George checked earnings stats at Zacks.  Before the opening bell, the staffing giant Manpower, announced better than expected earnings.  Although sales declined in some areas, McDonald’s earnings were 10% more than expectations.  Aircraft giant Northrup Grumman reported better than expected earnings as well. Yahoo reported earnings that were more than double the consensus.  Most of the extra profits came from the sale of shares that it owned in Alibaba’s IPO.  The market opened up sharply, closing the day with a 2% gain.  Their son, Robbie, called that evening and they told him all about the visit from the President. “How many pics did you get?  You should put them up on Facebook,” he told them. “We forgot,” George informed Robbie. “Daaaad,” came the exasperated reply.  “Well, we’re old people. We’re not used to recording every event in our lives, I guess.”

On Wednesday, the Bureau of Labor Statistics announced that inflation had grown 1.7% in the past year, in line with expectations.  The Federal government closes its fiscal year at the end of each September.  Each October, the Social Security Administration sets the inflation adjustment to Social Security checks for the coming calendar year.  A 1.7% increase meant an average $20 increase in monthly benefits.  For too many seniors depending on Social Security as their primary source of income, the low annual increases in payments did not keep up with increases in drug and food costs.  Retired folks on the lower rungs of the economic ladder then had to apply for food stamps to make up for the low yearly increases in benefits.

Dow Chemical surprised to the upside as did industrial manufacturers Graco and General Dynamics.  The positive mood on Wall Street was interrupted by the news of an attack on the Canadian Parliament.  George was cleaning leaves out of the front gutter when Mabel opened the door to tell him the news.  The market reacted negatively to the news but did not give up all of Tuesday’s gains, a positive sign.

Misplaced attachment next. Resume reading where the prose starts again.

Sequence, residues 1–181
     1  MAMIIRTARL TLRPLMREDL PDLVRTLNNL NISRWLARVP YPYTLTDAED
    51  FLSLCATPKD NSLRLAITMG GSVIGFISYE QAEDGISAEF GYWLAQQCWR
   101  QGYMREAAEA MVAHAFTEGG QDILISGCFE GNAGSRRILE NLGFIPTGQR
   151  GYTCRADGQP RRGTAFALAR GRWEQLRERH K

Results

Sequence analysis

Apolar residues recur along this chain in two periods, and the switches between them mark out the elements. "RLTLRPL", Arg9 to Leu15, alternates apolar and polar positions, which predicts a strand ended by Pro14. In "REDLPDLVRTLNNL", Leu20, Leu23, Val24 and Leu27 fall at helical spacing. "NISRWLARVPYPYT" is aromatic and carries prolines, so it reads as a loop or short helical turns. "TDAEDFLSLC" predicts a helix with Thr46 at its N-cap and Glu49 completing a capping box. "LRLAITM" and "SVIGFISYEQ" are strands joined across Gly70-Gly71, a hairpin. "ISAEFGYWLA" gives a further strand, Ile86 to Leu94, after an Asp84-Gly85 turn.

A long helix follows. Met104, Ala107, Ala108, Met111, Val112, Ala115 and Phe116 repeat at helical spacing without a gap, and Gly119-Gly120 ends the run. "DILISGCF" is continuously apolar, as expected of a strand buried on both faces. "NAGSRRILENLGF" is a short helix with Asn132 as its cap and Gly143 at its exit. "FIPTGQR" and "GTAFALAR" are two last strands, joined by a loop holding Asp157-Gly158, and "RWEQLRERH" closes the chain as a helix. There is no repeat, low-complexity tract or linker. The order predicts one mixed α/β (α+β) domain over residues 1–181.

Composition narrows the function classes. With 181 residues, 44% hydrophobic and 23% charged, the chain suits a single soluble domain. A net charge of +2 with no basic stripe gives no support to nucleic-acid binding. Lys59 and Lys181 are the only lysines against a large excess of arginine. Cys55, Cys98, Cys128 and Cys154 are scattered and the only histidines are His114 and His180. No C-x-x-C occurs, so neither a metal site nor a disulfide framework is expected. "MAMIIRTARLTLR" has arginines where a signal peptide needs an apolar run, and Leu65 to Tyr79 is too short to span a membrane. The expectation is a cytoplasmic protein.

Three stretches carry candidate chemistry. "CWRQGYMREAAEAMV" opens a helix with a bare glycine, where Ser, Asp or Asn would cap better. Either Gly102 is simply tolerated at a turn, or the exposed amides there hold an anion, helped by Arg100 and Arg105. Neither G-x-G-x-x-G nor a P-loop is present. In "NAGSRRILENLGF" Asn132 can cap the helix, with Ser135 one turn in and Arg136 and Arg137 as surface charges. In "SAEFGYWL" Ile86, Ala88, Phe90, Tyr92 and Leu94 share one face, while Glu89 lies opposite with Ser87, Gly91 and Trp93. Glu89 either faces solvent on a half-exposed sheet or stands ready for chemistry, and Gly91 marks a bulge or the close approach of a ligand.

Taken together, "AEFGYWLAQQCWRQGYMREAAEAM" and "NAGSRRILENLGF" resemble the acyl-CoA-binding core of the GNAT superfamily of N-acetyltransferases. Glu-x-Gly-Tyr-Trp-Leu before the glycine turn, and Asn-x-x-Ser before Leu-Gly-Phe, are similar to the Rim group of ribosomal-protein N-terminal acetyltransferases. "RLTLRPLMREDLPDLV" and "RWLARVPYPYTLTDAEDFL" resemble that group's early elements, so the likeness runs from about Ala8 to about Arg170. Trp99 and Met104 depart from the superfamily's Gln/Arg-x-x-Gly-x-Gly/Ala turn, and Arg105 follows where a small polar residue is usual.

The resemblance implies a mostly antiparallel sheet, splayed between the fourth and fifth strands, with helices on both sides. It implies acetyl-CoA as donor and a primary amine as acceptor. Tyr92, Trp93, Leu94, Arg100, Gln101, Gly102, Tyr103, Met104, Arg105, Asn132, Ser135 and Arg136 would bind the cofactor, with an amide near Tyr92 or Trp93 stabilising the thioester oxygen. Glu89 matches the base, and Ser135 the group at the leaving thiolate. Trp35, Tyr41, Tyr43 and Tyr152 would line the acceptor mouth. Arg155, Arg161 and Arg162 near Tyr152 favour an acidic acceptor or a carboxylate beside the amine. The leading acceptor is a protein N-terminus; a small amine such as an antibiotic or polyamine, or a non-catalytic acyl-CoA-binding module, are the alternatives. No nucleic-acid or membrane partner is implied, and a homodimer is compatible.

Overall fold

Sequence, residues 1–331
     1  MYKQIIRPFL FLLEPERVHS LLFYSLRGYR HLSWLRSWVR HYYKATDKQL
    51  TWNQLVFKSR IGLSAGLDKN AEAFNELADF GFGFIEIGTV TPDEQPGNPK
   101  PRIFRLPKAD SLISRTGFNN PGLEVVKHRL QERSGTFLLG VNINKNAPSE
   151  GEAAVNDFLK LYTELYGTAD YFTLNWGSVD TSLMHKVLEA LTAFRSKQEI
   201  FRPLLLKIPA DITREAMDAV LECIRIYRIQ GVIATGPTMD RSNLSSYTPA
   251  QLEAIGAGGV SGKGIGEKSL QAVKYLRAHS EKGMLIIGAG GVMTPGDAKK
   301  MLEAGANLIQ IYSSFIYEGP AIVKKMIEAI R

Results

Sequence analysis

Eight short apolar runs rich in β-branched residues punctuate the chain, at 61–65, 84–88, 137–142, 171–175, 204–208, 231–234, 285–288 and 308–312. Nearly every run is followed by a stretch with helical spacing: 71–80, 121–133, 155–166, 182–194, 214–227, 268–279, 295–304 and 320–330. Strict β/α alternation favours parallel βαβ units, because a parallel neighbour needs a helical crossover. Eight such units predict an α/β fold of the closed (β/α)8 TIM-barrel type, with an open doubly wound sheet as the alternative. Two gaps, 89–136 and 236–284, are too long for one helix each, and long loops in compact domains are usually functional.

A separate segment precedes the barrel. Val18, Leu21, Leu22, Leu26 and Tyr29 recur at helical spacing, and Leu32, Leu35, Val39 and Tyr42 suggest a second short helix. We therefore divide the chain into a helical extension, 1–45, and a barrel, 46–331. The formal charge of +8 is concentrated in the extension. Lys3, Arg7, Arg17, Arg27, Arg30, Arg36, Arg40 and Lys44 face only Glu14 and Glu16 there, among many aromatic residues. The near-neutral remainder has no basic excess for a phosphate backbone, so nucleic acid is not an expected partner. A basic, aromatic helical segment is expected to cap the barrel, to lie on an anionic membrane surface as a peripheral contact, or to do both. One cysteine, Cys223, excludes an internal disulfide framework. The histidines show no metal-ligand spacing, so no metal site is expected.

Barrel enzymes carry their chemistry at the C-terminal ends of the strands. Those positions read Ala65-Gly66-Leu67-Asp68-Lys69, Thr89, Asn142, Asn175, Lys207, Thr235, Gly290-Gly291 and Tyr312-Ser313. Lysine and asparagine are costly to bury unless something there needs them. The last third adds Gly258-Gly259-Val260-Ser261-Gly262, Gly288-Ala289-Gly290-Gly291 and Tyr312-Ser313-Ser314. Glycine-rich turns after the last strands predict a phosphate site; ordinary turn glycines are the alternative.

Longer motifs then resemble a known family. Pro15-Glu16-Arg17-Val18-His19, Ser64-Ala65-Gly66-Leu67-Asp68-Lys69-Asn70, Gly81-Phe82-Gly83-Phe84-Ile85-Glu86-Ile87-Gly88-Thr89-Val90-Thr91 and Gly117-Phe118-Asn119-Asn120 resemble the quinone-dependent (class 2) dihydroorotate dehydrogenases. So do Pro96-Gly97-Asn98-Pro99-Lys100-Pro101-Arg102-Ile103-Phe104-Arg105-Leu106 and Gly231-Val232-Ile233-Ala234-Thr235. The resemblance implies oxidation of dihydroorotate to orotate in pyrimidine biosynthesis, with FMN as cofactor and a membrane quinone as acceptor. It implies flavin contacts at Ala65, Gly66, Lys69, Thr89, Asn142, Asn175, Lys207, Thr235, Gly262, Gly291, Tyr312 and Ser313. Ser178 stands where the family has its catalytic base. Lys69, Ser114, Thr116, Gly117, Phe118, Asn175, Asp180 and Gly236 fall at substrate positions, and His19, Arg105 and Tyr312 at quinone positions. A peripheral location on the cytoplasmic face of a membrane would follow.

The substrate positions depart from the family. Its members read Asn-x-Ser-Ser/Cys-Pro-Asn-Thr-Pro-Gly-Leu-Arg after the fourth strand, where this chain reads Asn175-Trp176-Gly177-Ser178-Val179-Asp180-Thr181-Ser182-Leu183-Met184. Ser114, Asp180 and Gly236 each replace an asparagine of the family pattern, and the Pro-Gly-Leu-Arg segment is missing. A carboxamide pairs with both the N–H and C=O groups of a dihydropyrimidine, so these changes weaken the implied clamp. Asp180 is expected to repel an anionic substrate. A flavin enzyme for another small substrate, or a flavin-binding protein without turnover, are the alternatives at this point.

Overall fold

On Thursday, the BLS reported that new claims for unemployment had risen slightly the previous week but that the four week average had fallen to the lowest level in 14 years.  Positive earnings reports from 3M and Caterpillar, both of whom had a large international customer base, propelled the market higher, trading above the range of Tuesday’s rally.

On Friday, September’s new home sales of 467,000 were the best of the recovery.  August’s robust sales figures were reduced by almost 50,000 to a revised 466,000, giving George a WTF frown.  A 10% revision?  The drug manufacturer Bristol Meyers and consumer giant Colgate reported higher than expected earnings.  Ford surprised with significantly higher than expected earnings but the details in the report were not encouraging.  Revenues in both North and South America had declined and Ford expected flat earnings growth for the full year.  The market gained almost 1%.  In the past seven trading days, it had gained back all the ground lost the six days prior, closing near the level of October 8th.

For 2-1/2 years, each decline had been followed by a sharp upturn.  “Buying on the dip” had become a often used phrase.  Anticipating a bounce with each dip, investors had been coming back into the market after a short decline.  Since mid-September, investors who had bought in on the bounce had been disappointed when the market continued to decline.

Despite all the positive earnings reports, George was still concerned that stock valuations were just a bit on the high side.  Earnings gains, as well as the growth in profit margins, were becoming slower.  There had been two brief fallbacks in 2013, and already three fallbacks and a correction of more than 5% in 2014.  Frequent small fallbacks were healthy for the market, shaking out excess optimism.  The last real correction – a 10% decline in price – had last occurred in May 2012.  The market of the mid-2000s had gone for several years without a 10% correction and that did not end well.  George worried that the Feds low interest policy, kept in place for almost six years, gave investors too few choices and herded them into the riskier stock market. Gotta stay watchful, he thought.

Homes

July 27, 2014